One instance type with an floating ip attached for our deploy server. The deploy server is only used as a troubleshooting tool, but could be used to deploy new commits of your application to the app servers.
The other type will include the app instances in a LBaaS pool. This will make sure that LBaaS knows where it can forward traffic to once the number of instances scaling.
Finally we put it all together in 01_master.yaml. We started off by defining all the parameters needed to deploy the autoscaling cluster. We have defined some defaults, which might not work for you. Don’t worry, you can modify them also when running the command. The parameters all have descriptions, or are pretty much self-explanatory.
After that it is time to actually create resources. We started off by creating the security groups that only allow the neccesary ports.
We choose not to further secure the internal network. If your data is more sensitive than a publicly available RTMP stream you might want to add more security groups.
Next are the internal network, subnet and router so all instances can internally connect to each other. All instances can now be reached via the LBaaS instances which we create next. We use the same resource type we defined earlier with different parameters.
Now that we have security groups, a network and loadbalancers it is time to create the actual instances. We create the instances by nesting them in a AutoScalingGroup and defining the common parameters. We tell what port will be added to which LBaaS pool. This ensures that every instance that is started via the AutoScalingGroup will have a http, https and RTMP port added to the LBaaS instance. OpenStack will take care of all the boring stuff like naming and ip numbering.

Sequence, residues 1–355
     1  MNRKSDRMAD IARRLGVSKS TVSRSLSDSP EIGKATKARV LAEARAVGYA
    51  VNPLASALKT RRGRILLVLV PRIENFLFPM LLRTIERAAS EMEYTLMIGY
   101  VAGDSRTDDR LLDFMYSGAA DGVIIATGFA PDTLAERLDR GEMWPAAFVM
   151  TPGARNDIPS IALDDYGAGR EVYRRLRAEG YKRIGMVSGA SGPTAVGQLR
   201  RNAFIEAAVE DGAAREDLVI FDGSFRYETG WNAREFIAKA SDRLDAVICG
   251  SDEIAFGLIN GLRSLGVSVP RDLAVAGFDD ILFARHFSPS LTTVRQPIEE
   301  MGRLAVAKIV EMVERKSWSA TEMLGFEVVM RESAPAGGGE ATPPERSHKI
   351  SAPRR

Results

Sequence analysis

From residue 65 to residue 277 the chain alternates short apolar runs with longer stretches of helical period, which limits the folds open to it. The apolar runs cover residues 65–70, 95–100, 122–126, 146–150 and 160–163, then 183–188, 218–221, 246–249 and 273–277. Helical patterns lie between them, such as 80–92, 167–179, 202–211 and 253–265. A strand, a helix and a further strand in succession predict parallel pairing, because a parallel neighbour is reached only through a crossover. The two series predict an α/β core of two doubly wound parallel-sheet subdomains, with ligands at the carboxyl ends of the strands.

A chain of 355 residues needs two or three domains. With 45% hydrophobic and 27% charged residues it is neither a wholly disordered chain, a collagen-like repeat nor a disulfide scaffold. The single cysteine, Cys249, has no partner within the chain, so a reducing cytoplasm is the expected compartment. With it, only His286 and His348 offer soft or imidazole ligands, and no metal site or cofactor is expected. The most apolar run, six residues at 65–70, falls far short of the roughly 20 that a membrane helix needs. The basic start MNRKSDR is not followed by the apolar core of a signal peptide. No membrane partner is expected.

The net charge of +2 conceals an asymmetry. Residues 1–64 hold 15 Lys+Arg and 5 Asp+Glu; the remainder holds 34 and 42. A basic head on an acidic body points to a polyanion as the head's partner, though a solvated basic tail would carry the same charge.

Without adding anything OpenStack Heat would create a set of instance, that would never scale up or down. For that we need to add a scaleup and a scaledown policy. In this cluster we have defined that the policy for scaling up and down is adding or removing 1 instance every time.
The policy is triggerd by a Ceilometer alarm (the OpenStack metering component). The alarm we defined is a CPU util alarm. If the utilisation reaches 80% a additional instance is spawned. If it gets below 15% one is removed.
We have not loadtested this yet, so all of you visiting will have to prove whether this will be sufficient for our workload ;)
Finally we deploy a single instance with an floating IP that will function as a deploy server and an entrypoint for us to debug the autoscaling cluster.
Especially integrating the RTMP stream in an web interface (without flash of course) has proven to be quite a challenge.
RTMP does not play nice with HTML5. Our collegue Huib has managed to set up a transcoder to HLS and integrate that into a html5 page. Transcoding to HLS introduces a lot of delay due to the design of HLS which buffers the video stream into downloadable chucks.
Besides the delay we noticed a lot of (mobile) browsers that did not fully support the HTML 5 video tag correctly.
So, since we are ops guys, we decided not to try and build that our selves. Instead we pushed the stream to youtube and integrated their player.
We did keep the RTMP streaming cluster, because we can. Also, the NGINX instances host the webapp with the youtube stream.
- Make the API and the twitterbot run on a HA setup. The API can be easily made HA with 2 pi’s and keepalived. The twitterbot would be more of a challenge, since it would trigger twice if we run it twice. This will require something like Corosync/Pacemaker
- It should include an SSL cert (shame on me)
- The resources should be devided over availability zones (it is included, but does not yet work)
- Add ipv6 support
- Loadtest with jmeter or tsung
Go to http://kerstcloud.nl or open rtmp://kerstcloud.nl/live/cloudvpstree with your favorite player like VLC as a network stream for even lower latency!
CloudVPS wishes you all a Merry Christmas and a Happy New Year!
P.s. Till this day, the ir transmitter for the tv still doesn’t work…